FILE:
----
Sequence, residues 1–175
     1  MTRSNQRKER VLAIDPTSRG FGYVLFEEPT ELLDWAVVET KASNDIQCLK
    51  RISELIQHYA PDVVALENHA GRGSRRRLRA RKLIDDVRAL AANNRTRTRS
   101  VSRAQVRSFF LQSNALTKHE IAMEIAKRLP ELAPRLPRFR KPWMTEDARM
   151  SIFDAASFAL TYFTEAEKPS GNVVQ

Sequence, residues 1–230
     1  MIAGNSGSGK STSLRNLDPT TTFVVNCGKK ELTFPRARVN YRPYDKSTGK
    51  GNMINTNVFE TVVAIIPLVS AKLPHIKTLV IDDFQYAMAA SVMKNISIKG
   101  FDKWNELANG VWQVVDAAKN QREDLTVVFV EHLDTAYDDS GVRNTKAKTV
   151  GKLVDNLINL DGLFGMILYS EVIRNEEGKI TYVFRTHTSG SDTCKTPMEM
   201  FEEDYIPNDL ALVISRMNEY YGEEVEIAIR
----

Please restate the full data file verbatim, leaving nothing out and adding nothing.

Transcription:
Sequence, residues 1–175
     1  MTRSNQRKER VLAIDPTSRG FGYVLFEEPT ELLDWAVVET KASNDIQCLK
    51  RISELIQHYA PDVVALENHA GRGSRRRLRA RKLIDDVRAL AANNRTRTRS
   101  VSRAQVRSFF LQSNALTKHE IAMEIAKRLP ELAPRLPRFR KPWMTEDARM
   151  SIFDAASFAL TYFTEAEKPS GNVVQ

Sequence, residues 1–230
     1  MIAGNSGSGK STSLRNLDPT TTFVVNCGKK ELTFPRARVN YRPYDKSTGK
    51  GNMINTNVFE TVVAIIPLVS AKLPHIKTLV IDDFQYAMAA SVMKNISIKG
   101  FDKWNELANG VWQVVDAAKN QREDLTVVFV EHLDTAYDDS GVRNTKAKTV
   151  GKLVDNLINL DGLFGMILYS EVIRNEEGKI TYVFRTHTSG SDTCKTPMEM
   201  FEEDYIPNDL ALVISRMNEY YGEEVEIAIR